The government through convergence of various ministries is working on a plan to promote tribal, handicrafts community and fill the various gaps, Union Textile Minister, Smriti Irani said at an Assocham event held in New Delhi today.
“I had a meeting three days ago with the minister in-charge for tribal affairs and we are propagating a plan between two ministries so that there is convergence of effort to ensure things like uniqueness of their craft, the fact that they have challenge of not understanding the amount of opportunity the market has to offer to them, social challenges with regards to education, healthcare are met including housing,” said Irani while inaugurating an ‘Assocham Global Investors’ India Forum.’
“So we are preparing a plan to ensure, not only in the tribal community but in the handicrafts community per se, we have these interventions with convergence of various ministries and we reach out,” she added.
“I think one of the biggest challenges in the handicrafts sector as I have said, is that those who were interested in their care between the central and state government or between state government and administration at the district level, the gaps arose in those areas which have not been filled for too long because it was nobody’s baby, so now we are hoping that we bridge that gap,” further said the Minister.
“ …when you look at the north-east tribal community, you see them coming out with lovely handlooms as well but the challenge there has been that there needs to be a streamlined process of engagement across government in the federal structure so that it benefits the last mile individual, so that’s what we are hoping to do,” said Irani.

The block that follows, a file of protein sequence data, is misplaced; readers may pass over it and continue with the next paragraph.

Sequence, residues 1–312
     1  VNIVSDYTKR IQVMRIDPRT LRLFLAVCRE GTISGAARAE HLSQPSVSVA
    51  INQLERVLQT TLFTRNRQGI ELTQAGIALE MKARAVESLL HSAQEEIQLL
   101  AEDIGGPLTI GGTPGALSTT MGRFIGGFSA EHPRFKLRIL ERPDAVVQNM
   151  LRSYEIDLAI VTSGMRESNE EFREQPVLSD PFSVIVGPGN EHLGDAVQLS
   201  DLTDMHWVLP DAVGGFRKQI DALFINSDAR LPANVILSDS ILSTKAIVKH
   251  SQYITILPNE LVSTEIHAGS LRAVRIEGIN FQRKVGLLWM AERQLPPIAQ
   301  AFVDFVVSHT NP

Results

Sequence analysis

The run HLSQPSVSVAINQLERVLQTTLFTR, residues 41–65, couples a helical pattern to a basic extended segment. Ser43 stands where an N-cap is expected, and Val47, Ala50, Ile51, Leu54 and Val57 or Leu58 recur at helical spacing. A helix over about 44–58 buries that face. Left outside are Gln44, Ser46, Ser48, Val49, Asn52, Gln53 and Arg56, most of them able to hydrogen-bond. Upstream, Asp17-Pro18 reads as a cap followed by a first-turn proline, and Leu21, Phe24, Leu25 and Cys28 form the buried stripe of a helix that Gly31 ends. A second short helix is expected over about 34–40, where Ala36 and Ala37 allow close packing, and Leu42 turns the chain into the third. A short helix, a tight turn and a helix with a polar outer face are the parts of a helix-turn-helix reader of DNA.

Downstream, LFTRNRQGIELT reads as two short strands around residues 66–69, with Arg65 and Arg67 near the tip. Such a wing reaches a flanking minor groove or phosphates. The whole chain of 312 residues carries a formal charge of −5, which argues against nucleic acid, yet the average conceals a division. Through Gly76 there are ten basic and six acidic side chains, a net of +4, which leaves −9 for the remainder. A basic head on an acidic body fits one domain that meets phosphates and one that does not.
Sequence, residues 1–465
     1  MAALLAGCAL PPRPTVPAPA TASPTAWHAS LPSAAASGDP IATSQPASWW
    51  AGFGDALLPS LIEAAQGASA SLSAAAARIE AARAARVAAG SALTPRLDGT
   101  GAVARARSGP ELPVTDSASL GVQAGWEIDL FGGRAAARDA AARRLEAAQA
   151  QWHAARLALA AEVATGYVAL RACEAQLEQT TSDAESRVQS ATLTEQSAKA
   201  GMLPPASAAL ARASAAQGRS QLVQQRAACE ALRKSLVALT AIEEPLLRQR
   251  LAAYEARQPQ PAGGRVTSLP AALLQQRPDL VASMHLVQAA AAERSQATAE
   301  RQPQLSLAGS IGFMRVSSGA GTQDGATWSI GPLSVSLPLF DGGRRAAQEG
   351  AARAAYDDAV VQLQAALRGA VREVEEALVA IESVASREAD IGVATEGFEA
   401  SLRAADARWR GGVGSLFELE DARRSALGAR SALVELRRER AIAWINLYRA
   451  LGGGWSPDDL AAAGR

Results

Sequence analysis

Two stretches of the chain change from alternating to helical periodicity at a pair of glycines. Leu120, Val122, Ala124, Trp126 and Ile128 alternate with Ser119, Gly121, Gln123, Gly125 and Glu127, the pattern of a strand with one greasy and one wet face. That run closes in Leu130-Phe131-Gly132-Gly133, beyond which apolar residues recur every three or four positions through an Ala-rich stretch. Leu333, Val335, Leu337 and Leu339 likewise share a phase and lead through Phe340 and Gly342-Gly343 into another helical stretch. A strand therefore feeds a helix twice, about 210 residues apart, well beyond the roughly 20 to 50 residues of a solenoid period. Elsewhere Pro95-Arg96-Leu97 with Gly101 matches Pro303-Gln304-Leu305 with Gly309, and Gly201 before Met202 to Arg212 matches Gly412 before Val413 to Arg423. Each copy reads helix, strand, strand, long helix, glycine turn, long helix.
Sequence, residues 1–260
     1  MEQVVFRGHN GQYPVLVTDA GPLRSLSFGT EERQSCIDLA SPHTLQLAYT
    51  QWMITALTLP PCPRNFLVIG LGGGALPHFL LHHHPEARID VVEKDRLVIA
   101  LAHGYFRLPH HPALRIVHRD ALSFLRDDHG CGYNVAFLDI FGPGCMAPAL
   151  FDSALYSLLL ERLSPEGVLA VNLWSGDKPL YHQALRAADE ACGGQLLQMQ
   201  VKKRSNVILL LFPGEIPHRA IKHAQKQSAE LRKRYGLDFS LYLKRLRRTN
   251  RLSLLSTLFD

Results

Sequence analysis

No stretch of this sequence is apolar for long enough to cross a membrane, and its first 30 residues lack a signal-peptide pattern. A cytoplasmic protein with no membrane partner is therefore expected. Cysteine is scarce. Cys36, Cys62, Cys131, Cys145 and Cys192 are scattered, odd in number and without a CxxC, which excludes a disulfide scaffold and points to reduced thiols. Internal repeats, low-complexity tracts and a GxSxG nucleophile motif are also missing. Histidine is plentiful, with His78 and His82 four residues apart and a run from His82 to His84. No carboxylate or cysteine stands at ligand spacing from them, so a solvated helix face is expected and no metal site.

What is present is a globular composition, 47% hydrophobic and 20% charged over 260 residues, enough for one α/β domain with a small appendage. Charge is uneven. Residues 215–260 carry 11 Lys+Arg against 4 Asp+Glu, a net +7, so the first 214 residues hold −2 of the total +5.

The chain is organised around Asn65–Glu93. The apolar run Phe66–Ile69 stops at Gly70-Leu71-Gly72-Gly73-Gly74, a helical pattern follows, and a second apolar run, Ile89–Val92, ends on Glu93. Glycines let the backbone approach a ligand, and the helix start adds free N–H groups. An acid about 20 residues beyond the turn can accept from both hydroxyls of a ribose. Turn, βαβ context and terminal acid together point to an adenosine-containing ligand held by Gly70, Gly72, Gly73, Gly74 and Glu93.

In terms of an intervention for soldiers, how they can be better protected through clothing, she said, “We have identified within the Ministry, our engagement with the Ministry of Defence as to what kind of support that we can give, the industry can have a huge intervention, not only from R&D (research and development) perspective but also from investment perspective, so that we self-support our systems, our army for their needs be it at Siachen or any other station. This includes our forces like BSF, CISF because they also have these technical textile needs.”
Highlighting the various challenges being faced by the power loom sector in India, she said, “There are many complex issues ranging from subsidising for up-gradation of looms onwards to even providing money so that renewable energy can be used for looms, we are working out some kind of support for the entire sector but my biggest concern is for those who have one-two looms or less than eight looms because till now most of the money has gone to people who are organised better, not the individual power weaver, where everything is shutting down.”